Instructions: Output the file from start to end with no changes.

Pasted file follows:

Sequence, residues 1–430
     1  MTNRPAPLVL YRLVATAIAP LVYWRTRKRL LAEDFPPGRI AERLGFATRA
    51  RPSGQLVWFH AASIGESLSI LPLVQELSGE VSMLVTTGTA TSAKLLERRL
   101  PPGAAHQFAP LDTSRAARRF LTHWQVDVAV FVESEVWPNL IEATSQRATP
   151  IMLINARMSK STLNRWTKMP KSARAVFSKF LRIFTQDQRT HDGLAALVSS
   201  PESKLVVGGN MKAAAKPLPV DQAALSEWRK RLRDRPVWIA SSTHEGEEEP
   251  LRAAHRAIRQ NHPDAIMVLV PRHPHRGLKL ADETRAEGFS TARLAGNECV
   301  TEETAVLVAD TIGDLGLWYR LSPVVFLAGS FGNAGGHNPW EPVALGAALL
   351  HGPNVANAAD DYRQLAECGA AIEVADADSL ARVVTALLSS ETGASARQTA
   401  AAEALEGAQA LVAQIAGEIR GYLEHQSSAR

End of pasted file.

Sequence, residues 1–430
     1  MTNRPAPLVL YRLVATAIAP LVYWRTRKRL LAEDFPPGRI AERLGFATRA
    51  RPSGQLVWFH AASIGESLSI LPLVQELSGE VSMLVTTGTA TSAKLLERRL
   101  PPGAAHQFAP LDTSRAARRF LTHWQVDVAV FVESEVWPNL IEATSQRATP
   151  IMLINARMSK STLNRWTKMP KSARAVFSKF LRIFTQDQRT HDGLAALVSS
   201  PESKLVVGGN MKAAAKPLPV DQAALSEWRK RLRDRPVWIA SSTHEGEEEP
   251  LRAAHRAIRQ NHPDAIMVLV PRHPHRGLKL ADETRAEGFS TARLAGNECV
   301  TEETAVLVAD TIGDLGLWYR LSPVVFLAGS FGNAGGHNPW EPVALGAALL
   351  HGPNVANAAD DYRQLAECGA AIEVADADSL ARVVTALLSS ETGASARQTA
   401  AAEALEGAQA LVAQIAGEIR GYLEHQSSAR